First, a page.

'By creating an open dialogue with their child, parents can help to prevent them turning to strangers online for reassurance.'
Fast forward a few hundred years, and this debate has echoes of current consternation around social media - albeit with the main focus of that concern moving from 'ladies', 'mistresses', and 'belles' to today's young people. Look through any national newspaper and you're likely to find at least one shocking story of abuse or crime linked to social networking sites.
Young people value politics - 73% of those surveyed felt that it was important to be engaged in traditional Westminster politics - but only 37% felt that modern political discussion reflected the issues they felt were important. This disillusionment was reflected in their voting turnout in elections (56%) and party membership (7%).
2016 was a year of referendums. A year when politicians around the world put some of the biggest questions of our time to the people in a bid to settle them once and for all. But rather than heal divisions, many of last year's votes only further exposed our societies' rifts.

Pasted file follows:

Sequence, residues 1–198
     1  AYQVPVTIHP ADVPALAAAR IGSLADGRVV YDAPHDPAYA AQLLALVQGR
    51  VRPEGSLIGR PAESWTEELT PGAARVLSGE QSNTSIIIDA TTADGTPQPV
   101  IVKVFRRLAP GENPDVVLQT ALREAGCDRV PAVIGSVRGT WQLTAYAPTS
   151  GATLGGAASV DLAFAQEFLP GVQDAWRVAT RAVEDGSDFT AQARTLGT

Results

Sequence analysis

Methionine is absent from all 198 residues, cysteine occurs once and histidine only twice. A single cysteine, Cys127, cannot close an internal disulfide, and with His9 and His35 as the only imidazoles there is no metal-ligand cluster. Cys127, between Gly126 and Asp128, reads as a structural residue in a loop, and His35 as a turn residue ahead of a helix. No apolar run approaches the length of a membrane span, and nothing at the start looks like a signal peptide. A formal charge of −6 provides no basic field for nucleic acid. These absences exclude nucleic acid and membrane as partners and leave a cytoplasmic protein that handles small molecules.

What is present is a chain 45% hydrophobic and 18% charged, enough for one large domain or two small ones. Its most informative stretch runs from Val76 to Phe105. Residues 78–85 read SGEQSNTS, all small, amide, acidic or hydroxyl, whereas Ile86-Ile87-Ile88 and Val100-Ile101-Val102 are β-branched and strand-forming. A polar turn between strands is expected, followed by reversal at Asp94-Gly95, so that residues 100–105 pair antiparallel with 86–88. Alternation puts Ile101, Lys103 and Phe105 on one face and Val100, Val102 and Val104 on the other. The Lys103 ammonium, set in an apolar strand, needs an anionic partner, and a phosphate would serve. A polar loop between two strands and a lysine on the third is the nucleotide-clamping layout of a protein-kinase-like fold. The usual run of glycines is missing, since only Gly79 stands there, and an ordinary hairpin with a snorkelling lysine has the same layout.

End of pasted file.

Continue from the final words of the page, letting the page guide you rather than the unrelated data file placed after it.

People need to understand the role their likes and shares play in generating the content they see, and remember that, at the root of all this, the platforms they use are private companies who depend on activity to survive.
As with around 600 hundred other Palestinians, a six-month "administrative detention" order has been served on Abu Sakha by the Israeli military. With these scandalously unjust orders, no reason needs to be given and lawyers for those held have no real means of contesting the rulings which can be based on secret evidence. In Abu Sakha's case, the Israeli military have been quoted as saying the circus trainer poses a "danger ... to the security of the region". So that's supposed to be that.
The role the internet plays in radicalisation is poorly understood. It is generally held that offline factors are at the heart of what turns young men and women to turn to violent extremism. Nevertheless, ten years after 7/7, digitally-driven radicalisation is a reality that must be at the centre of any attempts to counter terrorist narratives...
When was the last time you saw a disabled person on TV? Our research shows more than half of us are more likely to see a disabled person on the street rather than on our screens. And one in six of us have no recollection of disabled people in any media at all.
Around 700,000 migrants are being "left voiceless" due to the government's lack of leadership in teaching them English and
I'm pleased that black and Asian voters want to back the Conservatives. I did when I was young and I don't regret it. When I joined I knew that the Conservative Party didn't care whether I was 1st, 3rd or 300th generation British.